About Osmanabad
History
The city Osmanabad derives its name from the last ruler of Hyderabad – the 7th Nizam- H.E.H Mir Osman Ali Khan, of which the region was a part till 1947. Osmanabad’s history dates way back to the era of the Ramayana where Lord Rama is said to have spent some of his exile in parts of Osmanabad. As per historical evidence, the district was ruled by the Mauryas, Satavahanas, Rashtrakutas, and Yadavas. In early centuries the city belonged to the Hindu Chalukyas and Devagiri Yadavas, but later became a part of the Bahmani and Bijapur kingdoms.

For a period of time, it was also ruled by the Mughals, Bahmani, Nizam and Adil Shah kingdoms. Before the Hyderabad Nizam’s rule, it was under control of the Mughal King Aurangzeb. Being under the Nizam rule, the district did not celebrate its freedom when the rest of India became independent in 1947. However, soon in 1948, Hyderabad State was merged with independent India and the district became a part of the then Mumbai District. It became a part of Maharashtra State when the State was formed in 1960. Osmanabad has a historic lineage dating back to the days of Marathwada and even before that to several kingdoms of which the region was a part. Old name of Osmanabad is Dharashiv. As the city was called Dharashiv, the caves are situated outside the city are also named Dharashiv Caves. Osmanabad is famous for its religious shrines for Hindus, Buddhist, Jains and other communities and places of historical importance as well.

Geography

The city of Osmanabad has an elevation of 653 metres (2,142 ft). Osmanabad city is located in the west central part of Osmanabad Tahsil, but relatively central for the district as a whole. Tuljapur, Bhoom, Paranda, Washi, and Kalamb are the nearby towns. Solapur, located southwest of Osmanabad in Solapur district, is the nearest sizable city.Osmanabad is on Balaghat Pathar. Bhogavati river flows through the city & meets Sina River near Mohol in Solapur district.

Demographics
In the 2011 Indian census, the city of Osmanabad had 106,644 inhabitants, with 41,982 males (52.1%) and 38,643 females (47.9%), for a gender ratio of 920 females per thousand males. In 2001, Osmanabad had an average literacy rate of 74%, higher than the national average of 59.5%, male literacy was 80%, and female literacy was 67%. In 2001 in Osmanabad, 14% of the population was under 6 years of age.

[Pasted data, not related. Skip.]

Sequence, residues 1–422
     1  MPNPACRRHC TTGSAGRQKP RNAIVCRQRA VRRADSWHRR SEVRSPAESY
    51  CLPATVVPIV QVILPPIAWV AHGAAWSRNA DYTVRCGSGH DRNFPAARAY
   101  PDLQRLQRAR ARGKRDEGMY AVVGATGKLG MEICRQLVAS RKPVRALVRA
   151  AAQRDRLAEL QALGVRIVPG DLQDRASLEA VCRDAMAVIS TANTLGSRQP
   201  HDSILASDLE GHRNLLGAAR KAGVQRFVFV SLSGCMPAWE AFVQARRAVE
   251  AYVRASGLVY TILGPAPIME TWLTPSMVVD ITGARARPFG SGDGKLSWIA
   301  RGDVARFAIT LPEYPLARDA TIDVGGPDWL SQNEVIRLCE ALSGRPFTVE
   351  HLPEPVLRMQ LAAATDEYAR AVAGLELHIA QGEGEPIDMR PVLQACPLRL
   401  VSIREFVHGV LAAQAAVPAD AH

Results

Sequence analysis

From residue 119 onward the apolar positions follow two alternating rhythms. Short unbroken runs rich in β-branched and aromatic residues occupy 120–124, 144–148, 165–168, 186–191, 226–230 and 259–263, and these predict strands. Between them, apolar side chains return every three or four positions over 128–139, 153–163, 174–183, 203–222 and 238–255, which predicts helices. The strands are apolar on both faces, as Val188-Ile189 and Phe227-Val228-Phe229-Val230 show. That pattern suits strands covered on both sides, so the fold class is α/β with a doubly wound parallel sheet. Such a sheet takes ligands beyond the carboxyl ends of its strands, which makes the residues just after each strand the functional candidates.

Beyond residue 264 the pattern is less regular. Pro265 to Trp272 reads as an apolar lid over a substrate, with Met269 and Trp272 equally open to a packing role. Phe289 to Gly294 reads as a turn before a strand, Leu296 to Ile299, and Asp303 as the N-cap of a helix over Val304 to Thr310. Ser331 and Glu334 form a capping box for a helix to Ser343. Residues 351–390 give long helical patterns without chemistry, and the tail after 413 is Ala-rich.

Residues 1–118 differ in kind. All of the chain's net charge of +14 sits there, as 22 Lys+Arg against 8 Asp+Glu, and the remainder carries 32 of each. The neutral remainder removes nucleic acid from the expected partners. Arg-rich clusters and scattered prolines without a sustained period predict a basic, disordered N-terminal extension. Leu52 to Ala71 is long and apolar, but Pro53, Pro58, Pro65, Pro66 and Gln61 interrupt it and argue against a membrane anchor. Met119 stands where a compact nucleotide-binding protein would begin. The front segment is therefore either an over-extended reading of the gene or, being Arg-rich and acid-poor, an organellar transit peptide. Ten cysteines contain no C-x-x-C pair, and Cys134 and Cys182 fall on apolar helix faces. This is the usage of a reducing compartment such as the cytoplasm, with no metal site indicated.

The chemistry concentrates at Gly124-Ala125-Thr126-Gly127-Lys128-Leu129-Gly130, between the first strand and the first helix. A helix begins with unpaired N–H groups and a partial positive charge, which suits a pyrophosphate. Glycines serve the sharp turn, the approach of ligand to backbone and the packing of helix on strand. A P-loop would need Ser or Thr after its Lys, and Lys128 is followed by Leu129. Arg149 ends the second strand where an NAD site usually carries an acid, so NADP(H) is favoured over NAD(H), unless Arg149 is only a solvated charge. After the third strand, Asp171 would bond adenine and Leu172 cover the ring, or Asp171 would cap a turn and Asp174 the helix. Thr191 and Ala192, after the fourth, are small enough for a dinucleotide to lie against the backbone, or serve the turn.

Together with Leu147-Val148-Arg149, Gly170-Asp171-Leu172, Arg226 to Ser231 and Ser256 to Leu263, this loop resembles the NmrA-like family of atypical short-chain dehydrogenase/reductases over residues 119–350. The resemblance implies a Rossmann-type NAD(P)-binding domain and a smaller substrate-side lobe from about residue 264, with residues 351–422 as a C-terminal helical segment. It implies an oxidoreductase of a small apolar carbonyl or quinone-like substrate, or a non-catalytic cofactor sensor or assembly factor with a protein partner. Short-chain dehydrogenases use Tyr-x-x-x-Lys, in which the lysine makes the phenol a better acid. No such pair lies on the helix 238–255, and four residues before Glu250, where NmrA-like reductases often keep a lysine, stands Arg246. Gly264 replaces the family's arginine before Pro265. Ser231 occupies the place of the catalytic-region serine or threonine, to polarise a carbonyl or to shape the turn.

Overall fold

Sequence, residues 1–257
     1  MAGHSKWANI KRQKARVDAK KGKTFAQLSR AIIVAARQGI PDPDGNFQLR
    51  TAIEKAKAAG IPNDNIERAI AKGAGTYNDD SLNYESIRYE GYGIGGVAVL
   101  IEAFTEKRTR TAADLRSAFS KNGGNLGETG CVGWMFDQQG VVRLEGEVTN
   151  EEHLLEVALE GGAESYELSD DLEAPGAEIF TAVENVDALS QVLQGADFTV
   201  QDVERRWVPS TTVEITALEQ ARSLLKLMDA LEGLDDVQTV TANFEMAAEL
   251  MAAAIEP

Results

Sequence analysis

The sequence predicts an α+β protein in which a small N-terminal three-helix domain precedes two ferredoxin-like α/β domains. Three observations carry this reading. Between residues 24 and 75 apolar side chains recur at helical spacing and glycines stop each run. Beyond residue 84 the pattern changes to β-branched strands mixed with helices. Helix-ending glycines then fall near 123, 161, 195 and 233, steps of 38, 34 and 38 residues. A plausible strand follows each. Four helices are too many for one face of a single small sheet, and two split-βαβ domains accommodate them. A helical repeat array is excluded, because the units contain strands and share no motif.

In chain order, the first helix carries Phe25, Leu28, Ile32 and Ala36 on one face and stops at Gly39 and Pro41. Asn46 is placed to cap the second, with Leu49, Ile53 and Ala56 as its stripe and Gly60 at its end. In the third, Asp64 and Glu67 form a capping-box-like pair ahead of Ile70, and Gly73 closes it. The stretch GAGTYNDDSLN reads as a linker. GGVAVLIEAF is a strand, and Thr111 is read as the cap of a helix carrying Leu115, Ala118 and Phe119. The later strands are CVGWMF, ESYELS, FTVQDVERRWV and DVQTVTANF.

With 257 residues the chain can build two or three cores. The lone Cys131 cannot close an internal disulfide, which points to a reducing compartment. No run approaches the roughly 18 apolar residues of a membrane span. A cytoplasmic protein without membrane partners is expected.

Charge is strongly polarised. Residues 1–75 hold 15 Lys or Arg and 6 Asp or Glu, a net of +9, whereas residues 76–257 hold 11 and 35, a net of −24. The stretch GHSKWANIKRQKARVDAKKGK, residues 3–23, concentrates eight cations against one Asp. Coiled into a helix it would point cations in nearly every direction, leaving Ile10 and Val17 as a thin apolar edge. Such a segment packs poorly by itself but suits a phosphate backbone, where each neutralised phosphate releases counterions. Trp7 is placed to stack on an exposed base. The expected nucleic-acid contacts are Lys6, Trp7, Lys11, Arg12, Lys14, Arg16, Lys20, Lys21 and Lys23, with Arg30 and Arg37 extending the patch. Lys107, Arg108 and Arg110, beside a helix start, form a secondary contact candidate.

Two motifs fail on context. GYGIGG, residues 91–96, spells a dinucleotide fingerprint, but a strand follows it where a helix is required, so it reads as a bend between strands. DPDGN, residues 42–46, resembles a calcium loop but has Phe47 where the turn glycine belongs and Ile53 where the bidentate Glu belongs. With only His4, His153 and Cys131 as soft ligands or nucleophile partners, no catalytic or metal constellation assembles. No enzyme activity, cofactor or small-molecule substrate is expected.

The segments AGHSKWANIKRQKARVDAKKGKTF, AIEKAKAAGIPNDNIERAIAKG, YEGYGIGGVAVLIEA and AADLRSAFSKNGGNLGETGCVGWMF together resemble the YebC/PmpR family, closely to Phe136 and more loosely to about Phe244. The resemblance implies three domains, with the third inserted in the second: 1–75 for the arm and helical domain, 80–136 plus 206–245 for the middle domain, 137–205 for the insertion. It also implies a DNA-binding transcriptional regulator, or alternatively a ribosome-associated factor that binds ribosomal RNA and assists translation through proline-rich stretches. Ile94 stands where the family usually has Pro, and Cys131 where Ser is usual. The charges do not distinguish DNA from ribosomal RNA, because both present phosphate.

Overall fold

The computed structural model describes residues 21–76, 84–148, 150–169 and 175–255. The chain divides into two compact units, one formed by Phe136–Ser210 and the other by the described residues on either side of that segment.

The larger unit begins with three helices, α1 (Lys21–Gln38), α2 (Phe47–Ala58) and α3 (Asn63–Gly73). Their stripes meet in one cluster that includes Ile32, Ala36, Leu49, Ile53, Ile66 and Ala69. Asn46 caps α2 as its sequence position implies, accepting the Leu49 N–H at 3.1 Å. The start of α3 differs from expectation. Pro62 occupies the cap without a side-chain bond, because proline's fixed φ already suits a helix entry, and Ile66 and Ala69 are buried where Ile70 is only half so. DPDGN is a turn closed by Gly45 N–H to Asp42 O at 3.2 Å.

Education
Osmanabad has one Government BAMS College Known As Ayurvedic College, one Government Polytechnic College,Osmanabad Known As GPO, One BSc Nursing, College of Pharmacy, Pharmacy and Three Private Engineering Colleges. Another engineering college in Osmanabad District is in Tuljapur. Osmanabad has Government Agriculture college (under Marathwada Agriculture University, Parbhani) near Ter.
Monuments and Attraction
Osmanabad is known for Dharashiv Caves, which were built during the 5th-7th century It was initially thought that the Buddhist caves were one of the earliest structures, created between the fifth and eighth centuries, dargah (Sufi shrine built over the grave of a revered religious figure) of Hazrat Khwaja Shamsoddin Gazi (RA). The interior decoration of the dargah, consisting of many colourful glass pieces, is the main attraction of the dargah nowadays. Osmanabad city has Hatladevi mandir which is big religious attraction for people in Osmanabad city.
Dharashiv Caves
The Dharashiv caves are situated 8 km away from Osmanabad City in Balaghat Mountains. There are a total of 7 caves in the Mountain range. The first cave is without any statue with a small open space .The second cave consists of a statue with artistic work on the right side of the statue. The art work is of the Gandharva era. The fourth cave is an open space without any statue inside. The statue in the sixth cave is damaged while the seventh cave has no statue.

That this is an ancient place is shown by the caves excavated in the hill at a distance of about eight miles. These caves were originally Buddhist, but were later converted into monuments of the Jain religion and fresh caves were also excavated nearby. There are some more Buddhist caves that have been excavated in the hills, about 8 miles from Osmanabad city. The earliest of them probably belongs to the 7th century AD. Cave No. II is modeled on the plan of the Vakataka cave at Ajanta caves. It has a central hall measuring 80 feet by 80 feet, with 14 cells for the residence of the Bhiksus and garbhagriha with a colossal image of Lord Buddha in Padmasana. From the hoods of a serpent spread over its head, it is supposed to be the image of the Jain Tirthankara Parashvanath, but the figures of deer with a dharmachakra between them on the pedestal indicates that it is that of Gautama Buddha.